Spotlight on condo boards' improprieties, counsel's input

A media investigation from earlier this year that profiled multiple abuses committed by condominium associations across South Florida underscores the compelling need that condo owners can have when confronting the wrongful -- and, often, flatly unlawful -- behavior of homeowners boards.

That probe, which the Miami Herald termed "shocking in its scope," uncovered what the paper stated were "disturbing irregularities" surrounding the administration of planned communities.

What is a Partition suit?

A partition suit (or partition and contribution suit) is a lawsuit that a person files in order to force the division of real property. It also enables that person to get contribution from the other owners for expenses of the property if others are not paying their fair share. 

Florida Real Estate Disputes -- Recovering Possession

A common real estate dispute concerns POSSESSION of the property. There are several real estate litigation remedies for recovering physical possession of real property from someone who is on your land or in your house, storefront or warehouse unlawfully, or improperly using it.

TRESPASS --- If someone comes on your land or enters your house (or vehicle) without your permission, this is a trespass and you can call the Sheriff. Trespass is a crime. Trespass after a written warning has been delivered is a more serious crime. Either may result in an arrest and criminal record for the violator.

LANDLORD TENANT LAW -- HOLDOVERS -If someone entered under a lease and breaches the lease or holds over after the lease expires, the owner's remedy is to seek an eviction under Florida's Landlord Tenant law. Evictions can move  quickly, especially where damages aren't sought. If it is a residential lease, the landlord's remedy is generally confined to the landlord tenant law. (There are more options with a commercial lease).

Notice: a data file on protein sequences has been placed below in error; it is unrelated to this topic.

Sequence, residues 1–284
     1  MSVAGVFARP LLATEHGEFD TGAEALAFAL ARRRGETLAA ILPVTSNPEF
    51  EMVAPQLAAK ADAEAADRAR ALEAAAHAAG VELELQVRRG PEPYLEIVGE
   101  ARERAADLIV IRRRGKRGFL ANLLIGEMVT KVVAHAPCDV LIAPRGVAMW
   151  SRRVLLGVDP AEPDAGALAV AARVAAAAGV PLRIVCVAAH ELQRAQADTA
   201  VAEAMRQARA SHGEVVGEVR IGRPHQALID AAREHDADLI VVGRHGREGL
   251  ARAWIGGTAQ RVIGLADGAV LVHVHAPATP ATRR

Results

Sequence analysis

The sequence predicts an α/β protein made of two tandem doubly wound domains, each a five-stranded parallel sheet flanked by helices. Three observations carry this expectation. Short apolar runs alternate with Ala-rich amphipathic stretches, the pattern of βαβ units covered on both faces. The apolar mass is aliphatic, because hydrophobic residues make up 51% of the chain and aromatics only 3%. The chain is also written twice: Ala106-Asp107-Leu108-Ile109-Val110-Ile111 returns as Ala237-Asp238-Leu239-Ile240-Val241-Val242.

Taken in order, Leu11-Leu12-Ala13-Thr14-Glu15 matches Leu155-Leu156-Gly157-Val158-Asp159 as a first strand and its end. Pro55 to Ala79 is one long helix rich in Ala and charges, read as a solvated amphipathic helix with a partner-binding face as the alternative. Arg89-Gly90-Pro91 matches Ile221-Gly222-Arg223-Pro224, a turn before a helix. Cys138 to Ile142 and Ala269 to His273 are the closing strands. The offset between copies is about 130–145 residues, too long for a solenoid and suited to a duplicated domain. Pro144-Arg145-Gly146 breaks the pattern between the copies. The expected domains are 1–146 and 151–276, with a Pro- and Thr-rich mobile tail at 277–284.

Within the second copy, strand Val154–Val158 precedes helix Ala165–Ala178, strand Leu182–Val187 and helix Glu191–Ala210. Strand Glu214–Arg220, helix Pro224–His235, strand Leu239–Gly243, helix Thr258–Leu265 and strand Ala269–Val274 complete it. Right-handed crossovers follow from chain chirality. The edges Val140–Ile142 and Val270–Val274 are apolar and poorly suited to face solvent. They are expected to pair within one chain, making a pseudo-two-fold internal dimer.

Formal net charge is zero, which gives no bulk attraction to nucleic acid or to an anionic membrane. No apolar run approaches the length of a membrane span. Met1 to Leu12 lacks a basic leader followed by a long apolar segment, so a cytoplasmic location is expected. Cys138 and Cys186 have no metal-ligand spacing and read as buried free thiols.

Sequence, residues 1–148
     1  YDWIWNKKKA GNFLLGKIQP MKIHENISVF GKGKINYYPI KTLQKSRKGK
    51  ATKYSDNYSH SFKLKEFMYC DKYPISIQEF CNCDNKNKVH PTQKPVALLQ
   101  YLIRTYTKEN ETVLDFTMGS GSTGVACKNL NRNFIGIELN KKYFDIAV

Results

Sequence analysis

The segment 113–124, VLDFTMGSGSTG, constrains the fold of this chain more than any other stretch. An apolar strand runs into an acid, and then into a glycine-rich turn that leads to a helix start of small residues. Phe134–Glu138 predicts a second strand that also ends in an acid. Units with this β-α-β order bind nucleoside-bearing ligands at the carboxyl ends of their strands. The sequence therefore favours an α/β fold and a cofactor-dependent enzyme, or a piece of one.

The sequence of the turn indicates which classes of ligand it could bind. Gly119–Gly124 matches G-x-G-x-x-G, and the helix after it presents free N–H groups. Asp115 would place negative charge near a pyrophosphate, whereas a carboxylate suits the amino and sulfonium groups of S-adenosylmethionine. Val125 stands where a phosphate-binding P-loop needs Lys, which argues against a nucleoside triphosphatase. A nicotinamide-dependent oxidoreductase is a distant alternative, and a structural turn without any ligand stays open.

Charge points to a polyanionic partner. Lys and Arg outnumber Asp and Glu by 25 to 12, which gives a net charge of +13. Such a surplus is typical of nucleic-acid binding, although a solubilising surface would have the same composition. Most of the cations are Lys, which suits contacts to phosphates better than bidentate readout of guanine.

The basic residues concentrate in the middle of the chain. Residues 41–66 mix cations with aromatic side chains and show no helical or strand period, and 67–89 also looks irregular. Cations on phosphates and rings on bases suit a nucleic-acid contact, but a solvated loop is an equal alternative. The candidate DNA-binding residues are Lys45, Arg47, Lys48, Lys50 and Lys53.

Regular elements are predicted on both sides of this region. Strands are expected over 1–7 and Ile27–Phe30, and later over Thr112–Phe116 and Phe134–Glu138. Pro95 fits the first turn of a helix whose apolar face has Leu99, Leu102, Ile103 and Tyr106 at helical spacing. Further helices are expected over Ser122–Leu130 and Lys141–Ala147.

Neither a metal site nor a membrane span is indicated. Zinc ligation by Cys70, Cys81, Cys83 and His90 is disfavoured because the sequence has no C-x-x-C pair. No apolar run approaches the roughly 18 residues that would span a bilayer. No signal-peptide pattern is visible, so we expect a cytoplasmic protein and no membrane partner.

UNLAWFUL DETAINER STATUTE -- When someone continues to hold, use or stay in real property after asked to leave, they are 'detaining,' e.g. keeping possession of, your property. This statute provides a 'summary proceeding' (quick) remedy to have them removed. This remedy is for use against squatters, for guests who have overstayed their welcome, Sellers who fail to move out after a real estate closing (it happens!), and to holdovers after a commercial lease expires.


Served with a foreclosure notice? Take a breath and get proactive

For most Floridians and other Americans across the country, home-related transactions are about as amped-up as it gets in life. Emotion often goes into any decision-making process regarding a family dwelling. Excitement easily attaches to property transactions, as does, often, stress.

In fact, and given the heightened amount of money that is invariably at stake in subject matter surrounding a home, stress can quite quickly ratchet up to material levels. As we noted in a blog post from last month, "It can be easy to either panic or feel paralyzed when it comes to making [home-related] decisions."